5 Reasons Why Your Long-Term Relationship Needs Some Long Distance
Let’s not skirt around the truth, traveling while in a committed relationship can be tough. Whether you’ve been together for three months or over three years, trusting your significant other (s/o) to travel across the world for an extended period of time can really test your ego.
“I love you and miss you but I don’t want to message you on your trip. You must soak up every bit of sun and experience as much as you can!”
The above message is a text I received from my long-term partner of six and a half years while traveling through Central America for two weeks, and to be honest, this is always the type of support I receive from him when exploring the world apart, and vice-versa. If you’re not receiving the same type of encouragement from your partner when you decide to embark on a journey alone or with friends, it might be time to re-evaluate where you’re both at in your relationship.
The following are five reasons why we here at DL feel your long-term relationship will benefit from some long distance.
1. To Grow Inside Your Relationship, You Need to Grow Outside of It
A big part of growing together in a relationship is to explore and find yourself separately and outside of your relationship. Just like how you allow one another to have your own lives outside your relationship at home, i.e. different jobs or classes, different friend groups, etc., you need to allow one another to explore and learn outside the walls of your relationship.
Motivational speaker and virtual storyteller, Jay Shetty sums it up best when speaking to his six-year relationship in saying: “YOU are not here to make me happy, that’s my responsibility to make me happy. You’re here to support, enhance and add to anything I do and I’m here for the same.”
2. Trust is Hard, but Being a Control Freak Isn’t so Chic Either
We get it, traveling around the world when you’re young comes with an accompanying list of temptations. There does just so happen to be many fish in the sea, and when you set your s/o free to travel around said sea, it’s normal to feel a tad concerned.
The most important thing to remember is this though, distance should not affect loyalty, and if it does, it most likely means there are some underlying issues that currently exists within your relationship that need to be addressed.
3. It Creates Better Channels of Communication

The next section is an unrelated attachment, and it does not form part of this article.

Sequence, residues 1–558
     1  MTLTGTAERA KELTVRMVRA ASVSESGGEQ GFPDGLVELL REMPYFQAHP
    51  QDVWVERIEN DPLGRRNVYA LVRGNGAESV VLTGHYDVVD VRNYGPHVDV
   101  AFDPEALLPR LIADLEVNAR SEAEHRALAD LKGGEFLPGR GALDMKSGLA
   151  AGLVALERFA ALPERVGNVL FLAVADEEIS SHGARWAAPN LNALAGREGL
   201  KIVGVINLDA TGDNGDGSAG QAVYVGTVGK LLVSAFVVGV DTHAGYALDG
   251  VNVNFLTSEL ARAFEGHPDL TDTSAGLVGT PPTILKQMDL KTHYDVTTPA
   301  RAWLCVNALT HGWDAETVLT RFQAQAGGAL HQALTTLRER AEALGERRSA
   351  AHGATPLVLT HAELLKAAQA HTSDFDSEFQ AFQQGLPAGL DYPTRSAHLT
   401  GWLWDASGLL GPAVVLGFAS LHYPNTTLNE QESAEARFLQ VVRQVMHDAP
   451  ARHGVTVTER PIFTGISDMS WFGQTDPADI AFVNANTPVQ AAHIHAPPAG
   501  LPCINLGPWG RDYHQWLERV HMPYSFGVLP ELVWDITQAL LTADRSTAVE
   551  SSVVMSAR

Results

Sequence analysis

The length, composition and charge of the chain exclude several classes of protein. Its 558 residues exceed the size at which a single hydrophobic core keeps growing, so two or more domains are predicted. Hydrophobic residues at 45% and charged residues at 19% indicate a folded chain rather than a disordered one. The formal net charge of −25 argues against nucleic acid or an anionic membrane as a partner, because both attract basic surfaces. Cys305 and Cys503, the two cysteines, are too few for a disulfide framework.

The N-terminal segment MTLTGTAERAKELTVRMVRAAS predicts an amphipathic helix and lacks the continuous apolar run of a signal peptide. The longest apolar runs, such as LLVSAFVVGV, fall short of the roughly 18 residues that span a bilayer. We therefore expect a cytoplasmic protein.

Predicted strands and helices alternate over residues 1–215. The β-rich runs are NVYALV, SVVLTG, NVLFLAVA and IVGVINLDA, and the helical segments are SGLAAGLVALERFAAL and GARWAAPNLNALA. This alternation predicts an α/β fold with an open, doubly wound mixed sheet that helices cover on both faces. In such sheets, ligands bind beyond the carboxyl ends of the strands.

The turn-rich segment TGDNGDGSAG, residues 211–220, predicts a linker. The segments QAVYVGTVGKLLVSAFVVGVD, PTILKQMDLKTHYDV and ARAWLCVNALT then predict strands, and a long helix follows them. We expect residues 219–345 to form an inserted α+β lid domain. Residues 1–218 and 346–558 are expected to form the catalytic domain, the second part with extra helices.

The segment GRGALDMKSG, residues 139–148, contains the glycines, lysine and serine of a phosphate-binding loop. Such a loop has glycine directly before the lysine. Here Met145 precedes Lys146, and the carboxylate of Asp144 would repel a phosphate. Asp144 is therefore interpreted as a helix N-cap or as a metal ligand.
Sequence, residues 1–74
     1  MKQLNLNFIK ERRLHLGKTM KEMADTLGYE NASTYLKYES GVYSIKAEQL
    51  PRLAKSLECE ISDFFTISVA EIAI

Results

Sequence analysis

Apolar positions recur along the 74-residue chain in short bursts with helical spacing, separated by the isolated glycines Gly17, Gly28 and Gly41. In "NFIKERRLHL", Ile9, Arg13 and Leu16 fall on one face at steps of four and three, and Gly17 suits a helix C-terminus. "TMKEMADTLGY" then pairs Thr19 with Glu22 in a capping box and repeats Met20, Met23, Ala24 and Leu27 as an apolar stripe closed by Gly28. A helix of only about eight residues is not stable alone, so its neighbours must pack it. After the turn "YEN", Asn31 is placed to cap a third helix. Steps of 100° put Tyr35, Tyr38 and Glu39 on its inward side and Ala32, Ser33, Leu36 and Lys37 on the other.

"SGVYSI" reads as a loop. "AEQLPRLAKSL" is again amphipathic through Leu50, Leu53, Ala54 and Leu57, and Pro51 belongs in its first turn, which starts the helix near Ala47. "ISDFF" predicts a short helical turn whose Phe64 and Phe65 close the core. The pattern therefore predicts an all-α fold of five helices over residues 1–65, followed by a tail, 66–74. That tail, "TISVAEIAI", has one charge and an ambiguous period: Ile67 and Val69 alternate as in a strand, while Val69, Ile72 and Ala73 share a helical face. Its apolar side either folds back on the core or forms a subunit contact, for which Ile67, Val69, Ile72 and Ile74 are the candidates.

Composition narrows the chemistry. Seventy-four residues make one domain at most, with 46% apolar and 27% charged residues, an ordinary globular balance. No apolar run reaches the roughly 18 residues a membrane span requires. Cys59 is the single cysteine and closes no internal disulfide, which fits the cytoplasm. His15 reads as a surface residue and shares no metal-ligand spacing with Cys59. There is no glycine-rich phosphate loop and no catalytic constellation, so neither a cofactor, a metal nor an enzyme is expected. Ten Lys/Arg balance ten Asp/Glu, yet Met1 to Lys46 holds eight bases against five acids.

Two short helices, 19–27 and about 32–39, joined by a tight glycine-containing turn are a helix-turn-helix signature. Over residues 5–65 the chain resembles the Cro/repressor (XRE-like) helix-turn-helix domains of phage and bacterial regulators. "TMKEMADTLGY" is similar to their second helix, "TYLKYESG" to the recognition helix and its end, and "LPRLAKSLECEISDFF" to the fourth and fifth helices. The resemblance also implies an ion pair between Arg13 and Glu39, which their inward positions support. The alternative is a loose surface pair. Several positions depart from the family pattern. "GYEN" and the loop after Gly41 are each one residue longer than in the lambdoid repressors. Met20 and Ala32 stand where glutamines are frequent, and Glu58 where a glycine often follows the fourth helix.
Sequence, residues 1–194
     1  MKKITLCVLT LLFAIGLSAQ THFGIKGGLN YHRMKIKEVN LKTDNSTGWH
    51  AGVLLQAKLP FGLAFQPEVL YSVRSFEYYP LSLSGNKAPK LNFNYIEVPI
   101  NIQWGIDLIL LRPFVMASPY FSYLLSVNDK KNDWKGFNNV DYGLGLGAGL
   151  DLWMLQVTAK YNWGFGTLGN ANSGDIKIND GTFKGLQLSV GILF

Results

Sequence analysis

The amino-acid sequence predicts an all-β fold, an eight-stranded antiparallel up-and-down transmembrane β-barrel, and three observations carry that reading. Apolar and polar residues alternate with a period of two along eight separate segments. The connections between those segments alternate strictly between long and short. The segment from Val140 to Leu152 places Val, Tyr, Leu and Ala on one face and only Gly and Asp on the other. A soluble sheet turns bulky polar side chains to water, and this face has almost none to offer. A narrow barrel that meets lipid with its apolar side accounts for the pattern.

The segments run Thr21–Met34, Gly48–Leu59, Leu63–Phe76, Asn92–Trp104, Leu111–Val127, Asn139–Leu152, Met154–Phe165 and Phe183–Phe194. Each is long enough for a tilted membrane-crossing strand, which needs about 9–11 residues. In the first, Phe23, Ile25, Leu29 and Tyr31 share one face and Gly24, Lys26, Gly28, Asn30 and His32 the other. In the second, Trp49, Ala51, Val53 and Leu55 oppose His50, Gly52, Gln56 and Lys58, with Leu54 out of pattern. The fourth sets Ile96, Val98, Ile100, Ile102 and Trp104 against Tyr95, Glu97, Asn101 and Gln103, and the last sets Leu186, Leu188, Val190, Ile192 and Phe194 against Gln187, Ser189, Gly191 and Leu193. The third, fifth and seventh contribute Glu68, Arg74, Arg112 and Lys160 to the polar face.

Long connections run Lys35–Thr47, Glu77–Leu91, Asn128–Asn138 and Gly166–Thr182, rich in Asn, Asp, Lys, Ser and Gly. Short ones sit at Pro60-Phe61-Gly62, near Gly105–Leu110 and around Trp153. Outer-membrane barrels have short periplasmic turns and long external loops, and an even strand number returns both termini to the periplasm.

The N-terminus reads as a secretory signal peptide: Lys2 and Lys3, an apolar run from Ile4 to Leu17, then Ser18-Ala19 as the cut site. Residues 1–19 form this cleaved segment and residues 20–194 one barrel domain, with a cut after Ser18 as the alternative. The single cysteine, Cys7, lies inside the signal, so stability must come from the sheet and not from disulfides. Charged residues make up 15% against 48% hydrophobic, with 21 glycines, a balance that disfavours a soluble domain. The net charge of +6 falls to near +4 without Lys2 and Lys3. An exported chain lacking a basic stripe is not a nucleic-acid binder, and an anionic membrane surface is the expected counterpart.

It’s very likely that before you embark on your trip that you and your partner will express how you’re feeling about being apart. This is the perfect time to voice your concerns and to establish your ground rules. Are you open to the idea of having an open relationship? It’s 2019 and the rules surrounding a modern-day relationship don’t necessarily have to be black and white. Just make sure you’re both on the same page and that you agree on what you feel most comfortable and confident with.
4. Your Relationship Will Grow From It
A large part of being in a mature relationship consists of not being selfish, and removing yourself as a barrier to your partner’s growth.
“If you love someone, set them free. If they come back they’re yours; if they don’t, they never were,” has never rang truer when it comes to trusting your partner to travel without you.
5. Exploring the World Separately Will Inspire You to Plan for Places to Travel Together
Quite easily the best part about traveling apart is the excitement it will spark for when you both get to see each other again. Keep in mind, the person in the relationship who wasn’t on the trip was most likely being extra productive too and probably has a lot to share about the ground they covered on the home-front. Once you’ve caught one another up on everything you explored and accomplished while apart, it’s exciting to put your minds together and to start planning an adventure for you both to embark on together next.
And, now that you’re both seasoned travelers who know their way around a map, traveling together (and doing life together) should be a breeze.
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